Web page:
Every so often, I pass some place in New York, whether it be a museum or a memorial, and find myself falling in love with the city all over again. There are so many wonderful things to do here! If I didn’t live here, I think, I might even be able to afford to do them. One of the casualties of my Brooklyn life is a dear passion: Books.
Long ago I planned on having an impressive library. Not only do books represent more money than I can spend, but they also take up more space than I can pay for. So now I borrow and only buy books if I know I will go back to them again. Since we’re just past the halfway point of the year, I thought it a good opportunity to share what those rare books are.
Four of 2015’s books that should be on your bookshelf.
Ta-Nehisi Coates, Between the World and Me
A longform letter to his 15 year-old son, Between the World and Me is a moving, overwhelming, infuriating, amazing narrative of intellectual development, written with physical force. He didn’t write this. He punched it into the keyboard.
For those of us who work hard to explain bigotry, prejudice and racism to Americans with no experience of it, Coates’ narrative rings deeply true—even as, in its exploration of blackness in America, it challenges us to confront some of America’s ugliest histories. Most painful of all is perhaps Coates’ refusal to comfort his son after the death of Mike Brown in Ferguson, Missouri.
He needs his son to know that it may not be okay. It will not be okay. It has not been okay.
Certain books become part of us, not just because of what they say but also because of when we read them; for me, these were Malcolm X’s autobiography, Alija Izetbegovic’s Islam Between East and West, and Muhammad Iqbal’s Reconstruction of Religious Thought in Islam. This book will serve that function for generations to come: Kick start that process by making sure it’s on bookshelves of young Muslims now.
I’m now reading the book for a second time. I almost never do that.
Matthew B. Crawford, The World Beyond Your Head: On Becoming An Individual in an Age of Distraction
Where Coates discusses the body, Crawford moves us to the mind.
We have become so fragmented, Crawford argues, that we cannot even act as individuals—we find it hard to sustain long-term projects or pursuits, overwhelmed by a deluge of distraction none of us asked for but none of us can escape from. Contrasting the cacophony of the general airport lounge with a business-class lounge experience, Crawford politicizes our attentional deficit and attends to a radical reshaping of the self.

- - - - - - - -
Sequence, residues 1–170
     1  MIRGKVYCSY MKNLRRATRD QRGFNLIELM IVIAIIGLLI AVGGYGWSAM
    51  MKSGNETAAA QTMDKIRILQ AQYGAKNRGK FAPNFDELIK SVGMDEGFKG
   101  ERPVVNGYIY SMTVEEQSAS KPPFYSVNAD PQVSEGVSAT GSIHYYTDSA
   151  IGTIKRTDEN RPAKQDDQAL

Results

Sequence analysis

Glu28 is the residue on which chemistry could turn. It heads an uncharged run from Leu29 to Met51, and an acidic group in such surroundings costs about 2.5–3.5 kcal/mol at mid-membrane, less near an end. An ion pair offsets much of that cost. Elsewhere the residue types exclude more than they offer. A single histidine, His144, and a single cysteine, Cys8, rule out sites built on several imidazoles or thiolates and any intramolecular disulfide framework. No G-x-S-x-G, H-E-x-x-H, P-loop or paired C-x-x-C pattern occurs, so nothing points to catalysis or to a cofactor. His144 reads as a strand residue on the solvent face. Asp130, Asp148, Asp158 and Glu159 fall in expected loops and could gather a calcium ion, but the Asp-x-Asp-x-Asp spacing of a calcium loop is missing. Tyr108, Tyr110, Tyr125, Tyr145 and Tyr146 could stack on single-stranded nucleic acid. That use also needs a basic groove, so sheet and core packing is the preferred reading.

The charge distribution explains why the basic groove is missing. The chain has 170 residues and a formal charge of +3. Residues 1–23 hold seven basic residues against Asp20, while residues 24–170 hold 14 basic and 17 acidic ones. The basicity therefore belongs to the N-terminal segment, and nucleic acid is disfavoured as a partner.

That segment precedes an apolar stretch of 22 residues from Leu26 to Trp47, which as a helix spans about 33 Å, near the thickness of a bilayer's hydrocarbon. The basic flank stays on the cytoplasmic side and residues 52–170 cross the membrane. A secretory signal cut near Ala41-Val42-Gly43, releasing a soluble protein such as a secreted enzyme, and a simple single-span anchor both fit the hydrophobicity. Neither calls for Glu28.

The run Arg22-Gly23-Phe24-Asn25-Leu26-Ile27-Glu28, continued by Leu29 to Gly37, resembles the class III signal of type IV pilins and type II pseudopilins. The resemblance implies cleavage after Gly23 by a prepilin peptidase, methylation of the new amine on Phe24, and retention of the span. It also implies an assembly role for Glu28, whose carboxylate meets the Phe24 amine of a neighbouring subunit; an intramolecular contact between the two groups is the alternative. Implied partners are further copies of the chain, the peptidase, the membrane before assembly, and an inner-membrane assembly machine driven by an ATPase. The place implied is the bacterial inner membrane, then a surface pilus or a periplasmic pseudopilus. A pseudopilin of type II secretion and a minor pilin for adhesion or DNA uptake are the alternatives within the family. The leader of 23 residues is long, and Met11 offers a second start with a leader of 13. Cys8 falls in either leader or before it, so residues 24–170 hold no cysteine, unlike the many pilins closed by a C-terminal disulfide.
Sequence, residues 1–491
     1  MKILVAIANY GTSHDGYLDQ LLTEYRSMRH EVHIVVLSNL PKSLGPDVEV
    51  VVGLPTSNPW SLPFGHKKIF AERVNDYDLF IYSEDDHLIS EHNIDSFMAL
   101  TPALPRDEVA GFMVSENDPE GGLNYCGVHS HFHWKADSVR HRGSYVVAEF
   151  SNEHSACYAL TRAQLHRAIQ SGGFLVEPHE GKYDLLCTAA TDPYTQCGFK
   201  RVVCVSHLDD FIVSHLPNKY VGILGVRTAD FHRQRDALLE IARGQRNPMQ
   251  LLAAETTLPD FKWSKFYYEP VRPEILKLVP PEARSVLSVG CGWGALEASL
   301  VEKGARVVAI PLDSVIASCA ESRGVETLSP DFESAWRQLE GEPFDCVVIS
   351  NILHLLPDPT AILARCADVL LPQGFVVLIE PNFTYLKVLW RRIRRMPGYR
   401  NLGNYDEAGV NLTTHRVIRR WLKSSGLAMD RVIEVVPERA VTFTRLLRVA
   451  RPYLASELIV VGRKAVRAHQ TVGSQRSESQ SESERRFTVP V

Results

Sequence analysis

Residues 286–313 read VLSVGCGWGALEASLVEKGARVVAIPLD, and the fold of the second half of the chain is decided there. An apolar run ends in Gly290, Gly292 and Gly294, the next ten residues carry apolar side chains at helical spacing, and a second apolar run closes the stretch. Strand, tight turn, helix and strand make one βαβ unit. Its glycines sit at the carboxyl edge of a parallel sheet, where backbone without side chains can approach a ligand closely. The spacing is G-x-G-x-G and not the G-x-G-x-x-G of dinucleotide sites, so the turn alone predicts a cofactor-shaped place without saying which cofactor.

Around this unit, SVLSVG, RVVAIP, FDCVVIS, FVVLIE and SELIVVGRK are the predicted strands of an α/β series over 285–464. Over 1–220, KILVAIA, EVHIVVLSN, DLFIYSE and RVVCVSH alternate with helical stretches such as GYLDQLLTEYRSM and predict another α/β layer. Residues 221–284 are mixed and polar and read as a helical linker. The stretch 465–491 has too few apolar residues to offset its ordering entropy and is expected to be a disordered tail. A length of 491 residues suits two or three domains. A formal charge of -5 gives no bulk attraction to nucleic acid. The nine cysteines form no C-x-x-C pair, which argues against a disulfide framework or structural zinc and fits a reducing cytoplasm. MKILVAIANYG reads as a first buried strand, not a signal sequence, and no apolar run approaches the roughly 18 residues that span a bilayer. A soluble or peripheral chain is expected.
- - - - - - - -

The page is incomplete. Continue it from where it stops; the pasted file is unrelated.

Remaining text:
Read alongside Coates’ book, we can see how injustice reproduces itself. Positing that those who have become wealthy from social media have done it by seizing control of our attention, using our minds as resources, Crawford suggests that silicon valley wealth is not the creation of wealth so much as the capture of resources—except the resource is your own head, your mind, your ability to focus on the world and act in a principled and purposeful fashion in it.
“Genuine agency,” Crawford writes, “arises not in the context of mere choices freely made (as in shopping) but rather, somewhat paradoxically, in the context of submission to things that have their own intractable ways, whether the thing be a musical instrument, a garden, or the building of a bridge.”
Or religion, or community, or deity? You may not disagree with his analysis of the cause, nor prescription as cure, but you will finally find an explanation for the general frustration and anxiety of our every day life. I for one should like to see those words on the walls of mosques. Even as I lament the fact that it is not a Muslim thinker who has more beautifully articulated Islam—however inadvertently—than most Muslims can.
Masha Gessen, The Brothers: The Road to An American Tragedy
What happens when a fearless journalist applies her rigorous methods on us, not as individuals but as a country, as bearers and promoters of a singular and allegedly incomparable American dream? Gessen leads us up to the Boston bombing—but afterwards jumps (it is jarring at first) to describe the great faults and flaws in our war on terror generally. It takes us a moment to reorient ourselves: Why are we focused less on the criminals, and more on the crime?